Foweles in þe frith, Birds in the forest,
10/30: Small log, oil on canvas panel, 3.5x7 in.
I found this perfect little log and had to do something with it. There was a lot of dragging of paint in the beginning because I started when the underpainting was still a bit sticky, but I liked that. It was about an hour and a half, and overall it feels good to me.
Old English word of the day:
wudu [wŭd'-ŭ]: wood.I wish some of my previous pieces were this loose, and I like the colors a lot. I'm starting to really like the blue-green that comes from lightening the weird Prussian blue/oxide red mix, as it has a watery and almost mystical feel to it. This makes me think of a fish in water, which brought to mind this Middle English poem I'd read:
This is an ambiguous but incredible little poem, very personal no matter what genre you believe it belongs to. I don't know anything really about Middle English so I'm unable to elaborate on the large amount of material already written about it. Leaving aside the expert discussions I've found on rhyme, rhythm etc., and how it all comes together to create such emotional impact in a few lines, here is what I've digested.
þe fisses in þe flod,
and I mon waxe wod.
Mulch sorw I walke with
for beste of bon and blod.
fishes in the sea,
and I must grow mad.
Much sorrow I walk with
for best of bone and blood.
The shift from a picture of harmony in the world to something personally troubling comes on the word wod - which if it means "wood" could continue the pattern of the first two lines, but which in this context apparently means "mad." I assume that these two meanings of wod were pronounced differently (either with a short or long vowel, none of which are ever indicated), so if there is a play on words it is a subtler one. But the real ambiguity of the poem lies in what was originally meant by beste, and therefore the source of the sorrow:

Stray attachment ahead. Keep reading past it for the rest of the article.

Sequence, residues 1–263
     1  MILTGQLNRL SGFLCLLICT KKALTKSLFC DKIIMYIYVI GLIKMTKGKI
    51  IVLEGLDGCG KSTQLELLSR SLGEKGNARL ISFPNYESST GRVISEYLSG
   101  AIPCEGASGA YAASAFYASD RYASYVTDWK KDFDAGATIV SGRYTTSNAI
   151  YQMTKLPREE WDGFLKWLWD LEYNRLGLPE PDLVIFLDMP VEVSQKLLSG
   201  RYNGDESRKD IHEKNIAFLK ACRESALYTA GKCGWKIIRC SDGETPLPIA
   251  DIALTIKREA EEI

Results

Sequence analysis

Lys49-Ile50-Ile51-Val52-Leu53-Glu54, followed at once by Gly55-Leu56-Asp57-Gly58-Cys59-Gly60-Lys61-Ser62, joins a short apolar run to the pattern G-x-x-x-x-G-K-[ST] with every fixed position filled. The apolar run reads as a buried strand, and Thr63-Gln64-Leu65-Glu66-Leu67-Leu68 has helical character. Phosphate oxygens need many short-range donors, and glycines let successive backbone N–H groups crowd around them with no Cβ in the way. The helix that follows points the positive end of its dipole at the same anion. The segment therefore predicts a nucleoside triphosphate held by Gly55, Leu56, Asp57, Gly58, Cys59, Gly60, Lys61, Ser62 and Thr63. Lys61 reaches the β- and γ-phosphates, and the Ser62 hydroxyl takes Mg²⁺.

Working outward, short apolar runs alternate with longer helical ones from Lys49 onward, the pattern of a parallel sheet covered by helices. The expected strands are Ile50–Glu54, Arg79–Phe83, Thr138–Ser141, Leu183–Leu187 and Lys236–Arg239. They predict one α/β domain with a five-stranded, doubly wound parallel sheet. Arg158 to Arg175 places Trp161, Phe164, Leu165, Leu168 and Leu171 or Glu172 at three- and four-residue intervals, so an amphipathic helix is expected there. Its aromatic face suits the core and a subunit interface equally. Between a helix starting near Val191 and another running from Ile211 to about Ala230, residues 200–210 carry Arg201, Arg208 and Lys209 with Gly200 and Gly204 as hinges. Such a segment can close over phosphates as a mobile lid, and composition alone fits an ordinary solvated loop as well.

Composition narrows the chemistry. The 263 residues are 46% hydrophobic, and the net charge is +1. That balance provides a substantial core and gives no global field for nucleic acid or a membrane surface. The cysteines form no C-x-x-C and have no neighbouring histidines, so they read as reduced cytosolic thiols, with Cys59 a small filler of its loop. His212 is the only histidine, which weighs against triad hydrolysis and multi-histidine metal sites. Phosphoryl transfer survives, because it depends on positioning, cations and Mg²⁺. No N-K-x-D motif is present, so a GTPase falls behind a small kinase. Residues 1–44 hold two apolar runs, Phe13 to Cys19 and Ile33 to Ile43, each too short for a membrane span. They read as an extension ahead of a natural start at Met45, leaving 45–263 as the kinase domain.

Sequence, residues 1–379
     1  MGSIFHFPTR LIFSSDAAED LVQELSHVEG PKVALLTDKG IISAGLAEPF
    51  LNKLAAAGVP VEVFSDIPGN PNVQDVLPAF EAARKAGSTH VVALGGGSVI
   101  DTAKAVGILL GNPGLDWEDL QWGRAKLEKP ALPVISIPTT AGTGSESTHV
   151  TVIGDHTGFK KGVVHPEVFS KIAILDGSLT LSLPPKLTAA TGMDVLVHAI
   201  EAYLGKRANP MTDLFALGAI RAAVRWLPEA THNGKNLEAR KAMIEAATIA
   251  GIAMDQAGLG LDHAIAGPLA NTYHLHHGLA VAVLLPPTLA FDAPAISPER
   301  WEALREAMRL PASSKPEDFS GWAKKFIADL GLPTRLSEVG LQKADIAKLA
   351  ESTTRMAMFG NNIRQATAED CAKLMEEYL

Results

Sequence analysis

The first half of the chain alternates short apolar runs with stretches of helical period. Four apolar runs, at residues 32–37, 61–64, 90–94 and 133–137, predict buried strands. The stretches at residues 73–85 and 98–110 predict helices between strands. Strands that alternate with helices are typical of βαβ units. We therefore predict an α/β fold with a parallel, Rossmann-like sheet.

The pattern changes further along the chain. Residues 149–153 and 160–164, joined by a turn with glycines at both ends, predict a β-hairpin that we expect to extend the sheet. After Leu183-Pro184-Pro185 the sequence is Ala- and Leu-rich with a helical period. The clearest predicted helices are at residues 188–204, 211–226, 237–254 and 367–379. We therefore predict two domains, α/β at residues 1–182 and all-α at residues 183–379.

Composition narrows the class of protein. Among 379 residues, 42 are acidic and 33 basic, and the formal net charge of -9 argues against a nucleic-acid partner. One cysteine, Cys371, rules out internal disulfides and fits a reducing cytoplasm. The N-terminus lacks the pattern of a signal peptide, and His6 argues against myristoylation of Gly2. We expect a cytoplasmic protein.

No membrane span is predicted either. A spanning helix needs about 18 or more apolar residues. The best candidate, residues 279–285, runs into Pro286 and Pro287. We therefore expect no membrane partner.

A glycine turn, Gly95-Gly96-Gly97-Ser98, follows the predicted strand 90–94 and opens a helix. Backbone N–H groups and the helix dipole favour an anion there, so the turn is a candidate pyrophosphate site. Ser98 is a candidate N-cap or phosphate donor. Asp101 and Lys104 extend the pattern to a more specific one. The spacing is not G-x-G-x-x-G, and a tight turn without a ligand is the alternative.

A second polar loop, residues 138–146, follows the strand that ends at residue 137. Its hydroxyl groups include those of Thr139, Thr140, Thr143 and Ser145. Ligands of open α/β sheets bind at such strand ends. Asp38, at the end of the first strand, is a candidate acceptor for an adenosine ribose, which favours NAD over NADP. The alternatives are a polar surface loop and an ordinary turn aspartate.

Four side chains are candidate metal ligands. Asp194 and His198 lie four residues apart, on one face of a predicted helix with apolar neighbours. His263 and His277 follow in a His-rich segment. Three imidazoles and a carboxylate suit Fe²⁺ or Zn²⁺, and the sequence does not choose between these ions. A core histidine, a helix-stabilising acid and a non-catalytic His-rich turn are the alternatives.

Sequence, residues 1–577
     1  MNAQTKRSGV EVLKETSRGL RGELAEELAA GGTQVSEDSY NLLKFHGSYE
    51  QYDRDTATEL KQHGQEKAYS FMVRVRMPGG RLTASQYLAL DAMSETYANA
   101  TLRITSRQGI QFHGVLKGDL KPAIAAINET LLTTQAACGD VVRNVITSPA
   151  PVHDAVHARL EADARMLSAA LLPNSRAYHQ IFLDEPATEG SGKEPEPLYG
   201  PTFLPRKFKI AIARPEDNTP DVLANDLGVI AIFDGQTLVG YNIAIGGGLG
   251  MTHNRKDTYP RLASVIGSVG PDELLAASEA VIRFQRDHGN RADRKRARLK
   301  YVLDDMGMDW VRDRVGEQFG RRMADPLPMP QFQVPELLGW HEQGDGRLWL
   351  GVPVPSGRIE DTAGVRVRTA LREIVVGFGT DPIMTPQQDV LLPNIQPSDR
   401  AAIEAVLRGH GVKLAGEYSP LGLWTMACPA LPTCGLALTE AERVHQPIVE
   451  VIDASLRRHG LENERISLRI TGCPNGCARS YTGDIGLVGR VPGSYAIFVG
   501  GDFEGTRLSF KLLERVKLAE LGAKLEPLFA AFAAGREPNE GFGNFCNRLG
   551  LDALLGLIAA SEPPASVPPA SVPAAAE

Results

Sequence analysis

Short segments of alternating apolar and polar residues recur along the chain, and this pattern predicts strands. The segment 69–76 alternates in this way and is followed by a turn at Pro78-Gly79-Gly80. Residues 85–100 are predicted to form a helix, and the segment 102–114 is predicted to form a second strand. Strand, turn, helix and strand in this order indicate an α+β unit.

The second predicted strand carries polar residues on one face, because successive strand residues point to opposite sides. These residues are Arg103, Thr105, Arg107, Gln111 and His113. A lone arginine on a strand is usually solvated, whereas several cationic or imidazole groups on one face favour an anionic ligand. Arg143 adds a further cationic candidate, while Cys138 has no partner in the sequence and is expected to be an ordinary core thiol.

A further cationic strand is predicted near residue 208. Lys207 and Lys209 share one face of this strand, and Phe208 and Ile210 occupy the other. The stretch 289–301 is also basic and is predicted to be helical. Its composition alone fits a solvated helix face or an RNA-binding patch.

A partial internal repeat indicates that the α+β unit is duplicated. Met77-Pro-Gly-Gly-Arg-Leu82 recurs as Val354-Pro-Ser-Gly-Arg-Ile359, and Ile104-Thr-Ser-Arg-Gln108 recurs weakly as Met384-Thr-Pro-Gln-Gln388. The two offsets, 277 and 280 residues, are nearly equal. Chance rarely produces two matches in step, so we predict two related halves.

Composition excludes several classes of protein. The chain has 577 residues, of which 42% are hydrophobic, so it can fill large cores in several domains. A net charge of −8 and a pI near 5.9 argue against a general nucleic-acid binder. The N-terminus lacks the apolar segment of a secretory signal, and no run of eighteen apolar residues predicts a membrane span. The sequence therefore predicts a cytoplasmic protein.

(1) To be a "beast" of bone and blood means to experience sorrow like the aforementioned animals of the sea and sky, as creatures of flesh; or perhaps the sorrow comes from simply being alive after original sin (everything being written in a Christian context).
(2) Or, being human, the "best" of bone and blood, means ironically to be the creature capable of actually knowing sorrow (and becoming mad), separate from the rest of nature. There would be no sorrow if he were a fish in the sea.
(3) It has also been suggested that this is just one of a large number of religious poems, the "best" signifying Christ - because Christ suffered, the poet sorrows; and in addition to carrying the weight of original sin, the poet knows what is expected of him in this life. Furthermore, this could be an echo of a verse in Matthew and Luke: "the foxes have holes, and the birds of the air have nests; but the Son of man hath not where to lay his head."
(4) Perhaps the most widely held belief is that this poem is of the courtly love tradition and that the "best of bone and blood" is simply the woman for whom the poet yearns.
It's for every reader to decide, but I prefer (2) or perhaps (3).
Foweles in þe frith,
Birds in the forest,